I have two roles, my main role is as the Lead Pharmacist for Antimicrobial Resistance, Stewardship and healthcare associated infections (HCAI) at UKHSA, I also have a role as the Global AMR lead for the Commonwealth Pharmacist Association (CPA). I am also an honorary lecturer at the UCL School of Pharmacy, and I am currently leading a UK wide evidence review on pharmaceutical public health on behalf of the 4 UK Chief Pharmaceutical Officers. I focus most of my time on AMS projects at UKHSA, such as developing a new stewardship workstream to consider surveillance for COVID-19 antivirals. I am also currently focused on developing the strategy and planning for the coming year, commenting and providing feedback on a range of documents including policy, guidance and Patient Group Directions (PGDs). It can be challenging but it is actually really fun, rewarding and I love my role. For my global AMR role, this week I have been on teleconferences with colleagues in Sierra Leone, Nigeria, Uganda and other African countries, to support AMS initiatives to tackle AMR. I have also been focused on the UK-wide pharmaceutical public health research, by drafting the final report and writing a presentation to the Chief Pharmaceutical Officer for England (Prof Keith Ridge) and the Pharmacy Advisory Group (PAG). Something else that I do is support and mentor trainee pharmacists as a General Pharmaceutical Council (GPhC) report found that Black trainee pharmacists perform less well in the registration assessments.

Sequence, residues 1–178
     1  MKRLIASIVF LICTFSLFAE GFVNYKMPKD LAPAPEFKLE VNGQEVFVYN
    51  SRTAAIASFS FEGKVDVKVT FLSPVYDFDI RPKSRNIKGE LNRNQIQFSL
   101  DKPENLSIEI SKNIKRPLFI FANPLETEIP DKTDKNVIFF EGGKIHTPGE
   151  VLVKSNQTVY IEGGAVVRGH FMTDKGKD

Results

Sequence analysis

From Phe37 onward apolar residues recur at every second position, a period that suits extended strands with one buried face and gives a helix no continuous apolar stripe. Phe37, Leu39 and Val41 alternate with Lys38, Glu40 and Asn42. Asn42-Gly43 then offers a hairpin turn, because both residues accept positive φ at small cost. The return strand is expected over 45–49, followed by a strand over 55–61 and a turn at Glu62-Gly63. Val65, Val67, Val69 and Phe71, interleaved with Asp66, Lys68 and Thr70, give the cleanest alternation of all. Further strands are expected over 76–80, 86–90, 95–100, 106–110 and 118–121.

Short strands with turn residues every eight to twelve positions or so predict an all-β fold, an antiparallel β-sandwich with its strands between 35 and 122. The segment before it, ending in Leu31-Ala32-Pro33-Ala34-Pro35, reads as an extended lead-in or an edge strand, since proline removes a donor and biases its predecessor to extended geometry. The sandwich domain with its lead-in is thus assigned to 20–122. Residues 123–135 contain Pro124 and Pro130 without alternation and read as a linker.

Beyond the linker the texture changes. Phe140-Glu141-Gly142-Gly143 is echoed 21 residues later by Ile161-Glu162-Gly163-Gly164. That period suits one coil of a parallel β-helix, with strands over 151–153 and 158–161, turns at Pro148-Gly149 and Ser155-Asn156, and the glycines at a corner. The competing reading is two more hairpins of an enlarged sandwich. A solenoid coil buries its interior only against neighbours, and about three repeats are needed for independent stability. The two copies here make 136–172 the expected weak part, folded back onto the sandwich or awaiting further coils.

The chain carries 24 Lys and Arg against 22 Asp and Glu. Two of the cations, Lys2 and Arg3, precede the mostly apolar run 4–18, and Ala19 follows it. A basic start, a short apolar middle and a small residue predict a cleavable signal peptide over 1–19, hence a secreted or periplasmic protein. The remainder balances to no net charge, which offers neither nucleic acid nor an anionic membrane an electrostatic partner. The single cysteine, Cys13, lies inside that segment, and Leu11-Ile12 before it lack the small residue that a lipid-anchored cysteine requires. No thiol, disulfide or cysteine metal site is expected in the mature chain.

This week I have discussed clinical academic career pathways for pharmacists and met with colleagues at Imperial College London to collaborate on a Patient and Public Engagement Strategy on AMR and health inequalities. I've also had discussions around advanced clinical practice in public health for healthcare professionals, as well as meetings on AMR campaigns.